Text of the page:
The 17-day strike that threatened the supply of Mexican avocados in the United States seems to have come to an end. This is thanks to an agreement reached between producers and packers after a long day of meetings between the two sectors.
The President of APEAM, Gabriel Villaseñor, stated in a radio interview with Carlos Loret that "the producers demanded a minimum guaranteed and fair price of 40 pesos per kilo, but after 17 days of unemployment and a long day of meetings they have understood what can and can not be done, that we are in a free market and that they can't set base prices, something they have decided to abide by."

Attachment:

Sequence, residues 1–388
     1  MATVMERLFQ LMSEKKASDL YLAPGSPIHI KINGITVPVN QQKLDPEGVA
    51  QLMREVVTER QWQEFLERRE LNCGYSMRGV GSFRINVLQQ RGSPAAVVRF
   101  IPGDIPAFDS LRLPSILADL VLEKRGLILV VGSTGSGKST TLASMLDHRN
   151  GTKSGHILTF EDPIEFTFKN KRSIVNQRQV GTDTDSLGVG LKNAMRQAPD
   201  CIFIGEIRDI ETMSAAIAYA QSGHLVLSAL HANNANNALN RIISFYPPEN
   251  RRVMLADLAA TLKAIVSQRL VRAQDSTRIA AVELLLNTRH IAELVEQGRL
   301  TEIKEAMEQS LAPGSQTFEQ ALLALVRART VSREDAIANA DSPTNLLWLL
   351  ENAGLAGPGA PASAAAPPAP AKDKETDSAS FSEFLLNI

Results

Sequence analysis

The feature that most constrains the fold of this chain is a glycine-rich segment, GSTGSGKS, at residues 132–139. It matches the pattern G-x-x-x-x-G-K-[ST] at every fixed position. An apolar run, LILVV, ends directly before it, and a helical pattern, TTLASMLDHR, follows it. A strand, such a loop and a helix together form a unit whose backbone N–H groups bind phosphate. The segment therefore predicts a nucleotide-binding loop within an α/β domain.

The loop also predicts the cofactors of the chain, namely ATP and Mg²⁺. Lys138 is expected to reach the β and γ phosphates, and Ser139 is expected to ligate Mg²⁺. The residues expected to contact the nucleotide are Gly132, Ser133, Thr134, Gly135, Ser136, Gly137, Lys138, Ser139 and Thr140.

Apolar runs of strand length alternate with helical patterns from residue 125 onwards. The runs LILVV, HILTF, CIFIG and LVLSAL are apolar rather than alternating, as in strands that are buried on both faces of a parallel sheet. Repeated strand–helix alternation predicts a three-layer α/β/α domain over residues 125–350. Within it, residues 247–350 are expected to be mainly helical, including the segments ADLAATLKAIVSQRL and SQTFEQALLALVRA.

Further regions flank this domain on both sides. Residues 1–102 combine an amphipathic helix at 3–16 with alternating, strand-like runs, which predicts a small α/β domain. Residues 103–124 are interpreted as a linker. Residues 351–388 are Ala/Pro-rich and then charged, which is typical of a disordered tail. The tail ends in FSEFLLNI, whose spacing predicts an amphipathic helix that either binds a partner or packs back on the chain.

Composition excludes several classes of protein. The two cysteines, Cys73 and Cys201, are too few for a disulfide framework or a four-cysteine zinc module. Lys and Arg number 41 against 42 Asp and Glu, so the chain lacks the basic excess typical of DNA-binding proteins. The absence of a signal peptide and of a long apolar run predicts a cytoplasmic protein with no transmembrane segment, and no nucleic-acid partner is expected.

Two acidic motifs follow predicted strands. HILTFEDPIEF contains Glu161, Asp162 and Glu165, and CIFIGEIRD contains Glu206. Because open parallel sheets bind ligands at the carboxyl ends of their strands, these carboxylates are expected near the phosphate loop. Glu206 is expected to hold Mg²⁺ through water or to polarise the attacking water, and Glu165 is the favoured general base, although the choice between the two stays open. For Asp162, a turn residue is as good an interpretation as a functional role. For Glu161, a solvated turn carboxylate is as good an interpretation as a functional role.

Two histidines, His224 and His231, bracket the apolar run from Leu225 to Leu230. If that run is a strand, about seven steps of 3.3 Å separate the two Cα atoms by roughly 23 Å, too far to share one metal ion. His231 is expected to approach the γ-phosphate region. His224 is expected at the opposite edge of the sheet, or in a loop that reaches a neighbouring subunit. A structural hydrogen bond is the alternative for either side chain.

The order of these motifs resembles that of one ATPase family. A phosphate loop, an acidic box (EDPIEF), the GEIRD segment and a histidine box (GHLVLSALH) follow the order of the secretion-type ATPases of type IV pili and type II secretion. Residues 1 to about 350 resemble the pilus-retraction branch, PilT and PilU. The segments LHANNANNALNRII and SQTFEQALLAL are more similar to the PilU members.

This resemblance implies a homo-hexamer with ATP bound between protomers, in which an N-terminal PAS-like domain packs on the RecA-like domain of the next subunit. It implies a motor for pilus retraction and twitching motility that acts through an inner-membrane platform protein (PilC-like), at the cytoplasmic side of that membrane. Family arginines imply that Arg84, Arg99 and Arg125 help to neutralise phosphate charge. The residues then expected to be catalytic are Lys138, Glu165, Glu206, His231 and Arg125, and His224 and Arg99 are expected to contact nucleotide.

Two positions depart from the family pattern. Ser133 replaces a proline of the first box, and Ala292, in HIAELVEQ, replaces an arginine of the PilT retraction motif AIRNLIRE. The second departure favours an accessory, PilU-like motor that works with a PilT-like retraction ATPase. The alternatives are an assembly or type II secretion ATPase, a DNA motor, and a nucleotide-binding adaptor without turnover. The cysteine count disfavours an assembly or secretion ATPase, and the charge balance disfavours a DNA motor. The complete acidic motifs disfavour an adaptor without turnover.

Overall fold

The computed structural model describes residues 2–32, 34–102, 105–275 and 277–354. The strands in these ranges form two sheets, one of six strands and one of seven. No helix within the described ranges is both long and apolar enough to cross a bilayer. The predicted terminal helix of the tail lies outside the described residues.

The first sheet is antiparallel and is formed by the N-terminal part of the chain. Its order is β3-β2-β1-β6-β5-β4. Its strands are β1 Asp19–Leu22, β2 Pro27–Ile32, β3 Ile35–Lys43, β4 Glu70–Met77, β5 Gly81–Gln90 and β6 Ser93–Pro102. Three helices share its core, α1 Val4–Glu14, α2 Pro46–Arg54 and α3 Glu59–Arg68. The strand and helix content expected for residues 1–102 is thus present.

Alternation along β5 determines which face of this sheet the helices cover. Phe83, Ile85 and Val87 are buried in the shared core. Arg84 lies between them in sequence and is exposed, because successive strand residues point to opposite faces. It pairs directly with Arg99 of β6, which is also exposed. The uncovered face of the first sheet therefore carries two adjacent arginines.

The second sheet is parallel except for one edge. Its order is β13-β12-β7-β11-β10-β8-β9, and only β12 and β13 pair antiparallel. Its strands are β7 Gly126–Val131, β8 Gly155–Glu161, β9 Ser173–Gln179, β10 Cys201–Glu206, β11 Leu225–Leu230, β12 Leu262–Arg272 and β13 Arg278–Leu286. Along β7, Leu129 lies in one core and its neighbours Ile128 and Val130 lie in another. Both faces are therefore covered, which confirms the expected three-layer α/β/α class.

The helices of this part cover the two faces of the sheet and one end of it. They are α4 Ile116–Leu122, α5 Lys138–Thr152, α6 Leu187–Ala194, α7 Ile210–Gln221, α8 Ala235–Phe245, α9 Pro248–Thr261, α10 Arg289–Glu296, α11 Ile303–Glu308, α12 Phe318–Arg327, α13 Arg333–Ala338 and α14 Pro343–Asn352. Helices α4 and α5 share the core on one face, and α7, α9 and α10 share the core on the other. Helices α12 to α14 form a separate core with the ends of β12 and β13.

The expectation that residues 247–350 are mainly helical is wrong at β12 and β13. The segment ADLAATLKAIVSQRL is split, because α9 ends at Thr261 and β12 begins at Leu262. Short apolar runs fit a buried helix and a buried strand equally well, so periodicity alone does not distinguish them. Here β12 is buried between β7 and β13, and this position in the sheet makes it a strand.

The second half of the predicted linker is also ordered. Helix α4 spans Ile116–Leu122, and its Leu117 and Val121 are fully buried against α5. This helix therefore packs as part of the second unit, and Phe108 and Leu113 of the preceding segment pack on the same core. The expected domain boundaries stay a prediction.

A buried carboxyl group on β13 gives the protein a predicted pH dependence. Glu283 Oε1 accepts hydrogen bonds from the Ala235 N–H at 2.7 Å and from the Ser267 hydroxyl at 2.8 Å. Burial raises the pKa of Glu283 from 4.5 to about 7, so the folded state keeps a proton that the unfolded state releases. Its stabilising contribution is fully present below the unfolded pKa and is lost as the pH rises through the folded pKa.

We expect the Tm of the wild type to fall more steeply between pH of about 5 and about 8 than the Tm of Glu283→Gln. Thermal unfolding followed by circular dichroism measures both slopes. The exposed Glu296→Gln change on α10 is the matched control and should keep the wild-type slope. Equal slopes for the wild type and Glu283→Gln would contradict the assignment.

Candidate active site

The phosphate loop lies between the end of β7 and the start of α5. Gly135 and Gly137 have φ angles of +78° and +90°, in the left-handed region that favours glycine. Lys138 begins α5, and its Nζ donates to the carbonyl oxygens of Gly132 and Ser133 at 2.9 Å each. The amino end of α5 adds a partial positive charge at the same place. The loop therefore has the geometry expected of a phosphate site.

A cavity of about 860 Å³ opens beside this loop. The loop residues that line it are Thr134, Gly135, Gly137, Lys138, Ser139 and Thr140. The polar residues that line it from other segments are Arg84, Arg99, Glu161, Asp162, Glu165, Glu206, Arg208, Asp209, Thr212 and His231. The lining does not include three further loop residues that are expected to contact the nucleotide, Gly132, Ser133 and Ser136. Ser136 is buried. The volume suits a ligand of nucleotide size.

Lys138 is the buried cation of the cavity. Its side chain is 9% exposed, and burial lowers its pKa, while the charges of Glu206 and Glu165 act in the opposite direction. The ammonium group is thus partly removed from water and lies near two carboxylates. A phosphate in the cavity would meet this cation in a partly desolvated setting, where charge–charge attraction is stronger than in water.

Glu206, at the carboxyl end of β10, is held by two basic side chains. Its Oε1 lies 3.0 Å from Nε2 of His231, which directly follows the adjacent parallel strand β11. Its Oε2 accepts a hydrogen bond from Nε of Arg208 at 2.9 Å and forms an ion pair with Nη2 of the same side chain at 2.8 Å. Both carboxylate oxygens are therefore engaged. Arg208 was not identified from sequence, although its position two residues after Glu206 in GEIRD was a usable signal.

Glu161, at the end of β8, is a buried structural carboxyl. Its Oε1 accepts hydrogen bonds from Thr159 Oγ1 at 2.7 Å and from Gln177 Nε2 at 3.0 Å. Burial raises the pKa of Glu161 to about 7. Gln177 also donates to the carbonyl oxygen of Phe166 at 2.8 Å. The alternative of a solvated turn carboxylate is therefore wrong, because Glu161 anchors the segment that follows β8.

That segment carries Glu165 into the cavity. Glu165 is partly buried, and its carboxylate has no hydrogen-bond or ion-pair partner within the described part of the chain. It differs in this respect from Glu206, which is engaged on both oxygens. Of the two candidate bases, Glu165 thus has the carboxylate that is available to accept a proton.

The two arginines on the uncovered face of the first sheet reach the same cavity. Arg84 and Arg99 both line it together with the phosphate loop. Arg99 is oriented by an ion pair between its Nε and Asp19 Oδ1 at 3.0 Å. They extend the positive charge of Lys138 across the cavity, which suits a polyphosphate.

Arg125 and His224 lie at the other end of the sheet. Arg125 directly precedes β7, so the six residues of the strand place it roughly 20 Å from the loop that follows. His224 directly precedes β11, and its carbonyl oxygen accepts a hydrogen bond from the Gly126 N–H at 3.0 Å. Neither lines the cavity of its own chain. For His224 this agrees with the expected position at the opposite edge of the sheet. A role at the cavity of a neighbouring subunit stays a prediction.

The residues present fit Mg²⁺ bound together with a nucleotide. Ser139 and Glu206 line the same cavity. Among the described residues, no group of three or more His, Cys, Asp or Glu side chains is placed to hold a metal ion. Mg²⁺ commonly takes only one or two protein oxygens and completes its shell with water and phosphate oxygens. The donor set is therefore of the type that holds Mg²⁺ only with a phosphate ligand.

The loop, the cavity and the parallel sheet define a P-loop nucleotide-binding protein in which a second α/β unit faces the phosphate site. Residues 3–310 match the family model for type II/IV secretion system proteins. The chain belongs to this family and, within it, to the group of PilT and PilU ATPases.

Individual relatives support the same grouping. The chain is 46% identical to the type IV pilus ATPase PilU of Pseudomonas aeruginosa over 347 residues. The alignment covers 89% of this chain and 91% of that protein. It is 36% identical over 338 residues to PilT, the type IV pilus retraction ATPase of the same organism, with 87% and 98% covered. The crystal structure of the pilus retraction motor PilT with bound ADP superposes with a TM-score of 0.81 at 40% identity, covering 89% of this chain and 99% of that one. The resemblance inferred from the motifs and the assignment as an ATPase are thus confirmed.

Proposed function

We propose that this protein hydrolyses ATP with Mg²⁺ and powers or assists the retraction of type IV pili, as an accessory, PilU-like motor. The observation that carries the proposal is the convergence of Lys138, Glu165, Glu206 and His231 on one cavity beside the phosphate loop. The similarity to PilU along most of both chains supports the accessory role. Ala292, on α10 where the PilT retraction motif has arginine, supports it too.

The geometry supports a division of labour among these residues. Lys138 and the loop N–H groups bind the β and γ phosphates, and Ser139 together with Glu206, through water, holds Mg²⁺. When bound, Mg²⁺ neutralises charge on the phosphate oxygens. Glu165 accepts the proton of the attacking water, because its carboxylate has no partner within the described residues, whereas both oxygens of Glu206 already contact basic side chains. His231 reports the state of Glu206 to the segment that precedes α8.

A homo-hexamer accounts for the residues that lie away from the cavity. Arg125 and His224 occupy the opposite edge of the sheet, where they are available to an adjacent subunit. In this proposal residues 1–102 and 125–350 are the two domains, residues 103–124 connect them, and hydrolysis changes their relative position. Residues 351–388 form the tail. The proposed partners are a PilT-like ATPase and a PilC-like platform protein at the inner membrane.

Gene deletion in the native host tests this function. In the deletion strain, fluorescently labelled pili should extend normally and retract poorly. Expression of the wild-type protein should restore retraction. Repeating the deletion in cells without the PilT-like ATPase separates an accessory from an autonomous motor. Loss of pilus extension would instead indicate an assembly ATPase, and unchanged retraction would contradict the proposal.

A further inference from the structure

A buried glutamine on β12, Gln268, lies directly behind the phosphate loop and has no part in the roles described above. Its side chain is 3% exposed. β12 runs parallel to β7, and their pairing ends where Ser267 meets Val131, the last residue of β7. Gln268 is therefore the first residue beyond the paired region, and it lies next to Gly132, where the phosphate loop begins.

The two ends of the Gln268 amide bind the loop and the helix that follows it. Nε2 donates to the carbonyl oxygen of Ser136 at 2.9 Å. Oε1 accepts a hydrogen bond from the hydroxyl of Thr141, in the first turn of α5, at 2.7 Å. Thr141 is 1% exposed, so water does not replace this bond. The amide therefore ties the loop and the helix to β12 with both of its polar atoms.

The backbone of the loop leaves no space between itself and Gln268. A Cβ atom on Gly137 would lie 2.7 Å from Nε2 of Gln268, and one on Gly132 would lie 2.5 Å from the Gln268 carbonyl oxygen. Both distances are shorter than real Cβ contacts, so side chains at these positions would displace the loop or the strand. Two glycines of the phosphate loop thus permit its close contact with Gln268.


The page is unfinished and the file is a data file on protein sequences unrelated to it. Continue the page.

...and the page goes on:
The APEAM committed to take some measures to favor producers in Michoacan, such as not bringing fruit from other states for export to the United States, as well as others measures in which they are already working.
"The profit margins between sale prices and production costs are still favorable for producers, as they sell their product for 25 to 30 pesos per kilo and production costs range between 8 and 10 pesos," Villaseñor said.
"The producers have committed to always offer the best quality fruit. This strike was due to a lack of communication. Fortunately we have been able to resolve it and producers will now benefit from the rules of the free market," Gabriel concluded.